Quitting statins after stroke may raise risk of another stroke

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Stroke patients who stopped taking statin drugs three to six months after a first ischaemic stroke had a higher risk of a having another stroke within a year, according to new research in Journal of the American Heart Association.

Researchers also found that discontinuing statin drugs, which lower cholesterol, between three and six months after a first ischaemic stroke was linked to higher risk of death and hospitalisation among the patients in the study.

Researchers studied people who had been hospitalised with stroke. All the participants received either high or moderate intensity statins within three months after they left the hospital. Compared to people who continued taking statins throughout the one-year follow-up period the risk of having another stroke increased 42% for patients who stopped taking statins, there was no additional risk of having another stroke or death for patients who continued taking statins at a decreased dose, and the risk of death from any cause increased 37% after discontinuing statins.

“Based on our findings of this large group of patients in the “real world,” we believe that statins should be a lifelong therapy for ischaemic stroke patients if a statin is needed to lower the patient’s cholesterol,” said Meng Lee, lead author of the study and assistant professor of the Department of Neurology at Chang Gung University College of Medicine in Taiwan.

Researchers used medical data collected by the Taiwan National Health Insurance Program, which covers 99% of the population. The study population included 45,151 ischaemic stroke patients between 2001 and 2012 who were prescribed a statin within 90 days after leaving the hospital. The study period included the three to six months following discharge, during which time 3,175 (7%) patients were on reduced statin therapy and 8,353 (18.5%) were not on any statin therapy.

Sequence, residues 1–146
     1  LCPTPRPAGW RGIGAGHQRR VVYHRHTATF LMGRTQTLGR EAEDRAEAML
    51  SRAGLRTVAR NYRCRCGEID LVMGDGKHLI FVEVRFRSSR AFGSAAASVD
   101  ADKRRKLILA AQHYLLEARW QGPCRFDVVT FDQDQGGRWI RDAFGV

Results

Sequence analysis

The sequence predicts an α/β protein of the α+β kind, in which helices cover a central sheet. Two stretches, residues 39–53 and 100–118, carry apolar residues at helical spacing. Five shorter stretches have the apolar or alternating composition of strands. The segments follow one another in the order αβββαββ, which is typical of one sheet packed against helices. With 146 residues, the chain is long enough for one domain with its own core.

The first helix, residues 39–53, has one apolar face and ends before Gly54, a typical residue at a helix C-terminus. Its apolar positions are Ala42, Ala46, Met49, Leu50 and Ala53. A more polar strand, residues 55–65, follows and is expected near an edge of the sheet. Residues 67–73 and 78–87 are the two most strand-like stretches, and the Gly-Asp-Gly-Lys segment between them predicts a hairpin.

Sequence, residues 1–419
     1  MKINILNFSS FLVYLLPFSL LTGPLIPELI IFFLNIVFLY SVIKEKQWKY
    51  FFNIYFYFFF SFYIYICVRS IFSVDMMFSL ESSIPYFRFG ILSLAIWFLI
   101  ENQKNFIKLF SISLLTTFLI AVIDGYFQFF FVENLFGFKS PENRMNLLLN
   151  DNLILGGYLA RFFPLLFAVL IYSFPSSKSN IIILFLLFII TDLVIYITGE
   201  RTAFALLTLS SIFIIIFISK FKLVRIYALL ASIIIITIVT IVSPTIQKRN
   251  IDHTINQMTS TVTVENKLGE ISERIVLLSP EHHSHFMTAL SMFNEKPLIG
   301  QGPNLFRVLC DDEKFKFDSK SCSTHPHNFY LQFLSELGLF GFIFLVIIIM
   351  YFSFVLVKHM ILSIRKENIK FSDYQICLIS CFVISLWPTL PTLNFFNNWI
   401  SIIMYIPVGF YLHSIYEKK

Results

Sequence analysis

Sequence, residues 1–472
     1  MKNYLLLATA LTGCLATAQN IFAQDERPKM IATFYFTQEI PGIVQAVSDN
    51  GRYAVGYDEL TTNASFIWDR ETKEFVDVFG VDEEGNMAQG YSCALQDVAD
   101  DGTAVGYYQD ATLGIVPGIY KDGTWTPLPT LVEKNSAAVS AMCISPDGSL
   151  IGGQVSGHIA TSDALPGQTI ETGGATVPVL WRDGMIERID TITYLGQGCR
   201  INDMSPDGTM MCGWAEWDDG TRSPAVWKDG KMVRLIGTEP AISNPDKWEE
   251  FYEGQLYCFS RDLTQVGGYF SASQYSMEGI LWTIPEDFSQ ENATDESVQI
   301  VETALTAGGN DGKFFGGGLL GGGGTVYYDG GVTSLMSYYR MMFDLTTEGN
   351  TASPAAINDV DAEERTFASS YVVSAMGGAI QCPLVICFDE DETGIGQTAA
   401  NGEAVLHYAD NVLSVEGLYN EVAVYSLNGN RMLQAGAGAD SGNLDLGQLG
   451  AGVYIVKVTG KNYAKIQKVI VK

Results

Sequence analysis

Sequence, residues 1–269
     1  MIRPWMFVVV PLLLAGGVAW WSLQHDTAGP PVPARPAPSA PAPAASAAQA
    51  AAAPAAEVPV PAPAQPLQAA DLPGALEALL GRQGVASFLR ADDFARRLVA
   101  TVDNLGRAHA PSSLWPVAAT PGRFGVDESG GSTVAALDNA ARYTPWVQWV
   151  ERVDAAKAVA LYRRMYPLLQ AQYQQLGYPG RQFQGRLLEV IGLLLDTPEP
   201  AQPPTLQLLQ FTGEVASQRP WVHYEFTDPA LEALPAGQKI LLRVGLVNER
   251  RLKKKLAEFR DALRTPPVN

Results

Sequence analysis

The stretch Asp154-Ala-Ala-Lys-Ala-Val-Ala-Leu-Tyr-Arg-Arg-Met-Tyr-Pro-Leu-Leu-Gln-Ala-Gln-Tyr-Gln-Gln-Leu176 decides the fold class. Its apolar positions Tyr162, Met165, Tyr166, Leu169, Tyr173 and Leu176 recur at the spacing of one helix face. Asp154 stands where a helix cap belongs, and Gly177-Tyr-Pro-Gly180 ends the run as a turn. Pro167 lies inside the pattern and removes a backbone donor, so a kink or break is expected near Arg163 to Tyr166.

The study was retrospective so the researchers cannot determine why some stroke patients stopped taking statins.

However, Lee said recommendations by the Taiwan National Health Bureau to stop or reduce statins in stroke patients once the level of LDL-cholesterol is less than 100mg/dl or total cholesterol of less than 160mg/dl were achieved may have led to the discontinuation of statins for some of the patients in the study. Affordability of the medications was likely not a factor because the national health insurance in Taiwan covers all medication costs for eligible patients.

The American Heart Association recommends intensive statin therapy for patients who have had an ischaemic stroke or TIA and who have an LDL-cholesterol level of more than 100mg/dL, but does not recommend stopping statins based on achieving a specific LDL-cholesterol level in most people depending on individual risk.

Although the study was comprised entirely of patients from Taiwan, Lee said the results should be applicable to patients in other countries.

“Discontinuation of statin treatment in patients with ischaemic stroke should be strongly discouraged in any stage, acute or chronic, of stroke,” Lee said. “Shifting to low-intensity statin therapy could be an alternative for stroke patients not able to tolerate moderate or high intensity statin therapy in the years following a stroke.”

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